For frail, older people, the largely unexplored world of existential loneliness is a suffering that can affect people as they leave familiarity and enter an unknown future, exposing them to a sense of vulnerability and isolation.

For frail, older people, the largely unexplored world of existential loneliness is a suffering that can affect people as they leave familiarity and enter an unknown future, exposing them to a sense of vulnerability and isolation.

The findings are a result of a study carried out by Malmö University researcher Helena Larsson. It looks at the issue from the relatives’ perspectives and highlights that dialogue can help if it is known in which situations the need arises, and how it can be detected.

When arranging activities, it is often the social loneliness you want to access, but loneliness is so much great and complex than that.

Loneliness covers a broad spectrum, the type of loneliness that more often comes to mind is social loneliness which is observed, for example, by seeing how many people live by themselves or eat alone.

“When arranging activities, it is often the social loneliness you want to access, but loneliness is so much great and complex than that. If you want to do something about it, it is important to know what kind you are talking about,” says Larsson.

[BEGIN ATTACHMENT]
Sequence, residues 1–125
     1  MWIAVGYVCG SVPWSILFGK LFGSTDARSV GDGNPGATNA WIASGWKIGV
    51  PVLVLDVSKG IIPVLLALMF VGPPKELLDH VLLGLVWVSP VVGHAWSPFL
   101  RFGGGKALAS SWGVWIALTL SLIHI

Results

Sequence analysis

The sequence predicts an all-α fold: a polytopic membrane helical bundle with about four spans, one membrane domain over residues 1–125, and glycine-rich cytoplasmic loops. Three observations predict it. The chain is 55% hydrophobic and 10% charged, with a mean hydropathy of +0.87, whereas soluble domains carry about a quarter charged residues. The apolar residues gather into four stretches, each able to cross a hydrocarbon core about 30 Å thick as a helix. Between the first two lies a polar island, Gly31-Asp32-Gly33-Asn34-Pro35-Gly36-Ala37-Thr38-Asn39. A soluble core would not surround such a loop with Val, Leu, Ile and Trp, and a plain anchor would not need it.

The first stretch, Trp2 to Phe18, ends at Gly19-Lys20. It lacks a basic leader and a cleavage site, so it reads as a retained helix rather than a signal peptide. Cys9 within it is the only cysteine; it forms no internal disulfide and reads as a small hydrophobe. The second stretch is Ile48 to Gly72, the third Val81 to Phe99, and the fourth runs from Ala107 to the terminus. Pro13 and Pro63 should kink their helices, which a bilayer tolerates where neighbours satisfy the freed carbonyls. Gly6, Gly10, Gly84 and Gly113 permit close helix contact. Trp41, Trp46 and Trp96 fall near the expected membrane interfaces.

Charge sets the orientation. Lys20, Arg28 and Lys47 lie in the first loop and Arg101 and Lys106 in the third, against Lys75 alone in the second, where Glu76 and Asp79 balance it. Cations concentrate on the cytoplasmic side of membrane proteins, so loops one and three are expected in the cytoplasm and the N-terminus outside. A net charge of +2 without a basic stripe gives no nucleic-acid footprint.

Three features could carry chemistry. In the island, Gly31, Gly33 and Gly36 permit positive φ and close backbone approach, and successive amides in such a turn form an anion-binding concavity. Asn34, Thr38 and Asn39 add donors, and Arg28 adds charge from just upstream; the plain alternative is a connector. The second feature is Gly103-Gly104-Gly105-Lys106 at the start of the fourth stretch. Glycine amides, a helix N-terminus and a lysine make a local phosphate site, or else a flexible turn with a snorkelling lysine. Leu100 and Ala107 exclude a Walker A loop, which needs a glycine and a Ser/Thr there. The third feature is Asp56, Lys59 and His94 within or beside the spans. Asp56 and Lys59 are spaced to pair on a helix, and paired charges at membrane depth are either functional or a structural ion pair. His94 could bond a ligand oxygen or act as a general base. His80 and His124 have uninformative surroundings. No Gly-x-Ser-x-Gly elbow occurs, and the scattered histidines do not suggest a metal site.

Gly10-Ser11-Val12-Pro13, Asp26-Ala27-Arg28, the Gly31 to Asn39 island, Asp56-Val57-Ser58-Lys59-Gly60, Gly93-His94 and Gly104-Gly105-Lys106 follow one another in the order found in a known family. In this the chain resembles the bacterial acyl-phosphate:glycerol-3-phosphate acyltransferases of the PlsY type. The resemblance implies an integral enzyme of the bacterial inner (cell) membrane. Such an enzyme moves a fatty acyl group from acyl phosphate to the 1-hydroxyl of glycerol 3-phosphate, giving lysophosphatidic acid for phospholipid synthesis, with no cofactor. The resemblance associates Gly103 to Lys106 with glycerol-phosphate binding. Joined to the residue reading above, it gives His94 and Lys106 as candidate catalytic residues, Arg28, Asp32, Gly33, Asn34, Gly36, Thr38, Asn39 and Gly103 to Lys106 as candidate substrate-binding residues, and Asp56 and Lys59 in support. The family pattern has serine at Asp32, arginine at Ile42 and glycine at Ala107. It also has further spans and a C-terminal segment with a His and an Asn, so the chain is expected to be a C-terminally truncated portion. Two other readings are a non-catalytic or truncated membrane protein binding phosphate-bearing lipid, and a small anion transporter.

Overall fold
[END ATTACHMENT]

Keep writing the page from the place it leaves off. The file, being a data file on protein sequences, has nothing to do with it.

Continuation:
Existential loneliness is described as a deeper form of loneliness, a suffering that can be experienced even if one does not live in social or physical isolation. This type of loneliness is relatively unexplored.

“We want to be able to alleviate this, so it is a prerequisite to know in what situations existential loneliness emerges, and how we can detect it, so that society and health care professionals can go in and support a little extra when needed,” says Larsson.

Existential issues become more important as you approach life's final phase. The project ‘Existential Loneliness - a challenge in the care of seriously ill older people (LONE)’, explores the existential loneliness of frail, older people from different perspectives — frail older persons, their relatives, and care staff.

“Relatives all around are important from a social perspective. At the same time, close relatives have a complex role as they both become involved as carers and have their role as close relatives.”

Larsson's study shows that existential loneliness occurs in transitional stages when one loses one's fixed point. It may be, for example, having to move, no longer being able to participate in an activity, or the loss of a partner.

The relief from such feelings most commonly comes from conversations with close relatives.

“Talking about how you feel, both in formal groups and informal family and friends settings, is important. Especially with others who have gone through the same thing, where you can meet around that experience. It's nothing new, but I might not have thought it was that important,” says Larsson.

Text: Hanna Svederborn

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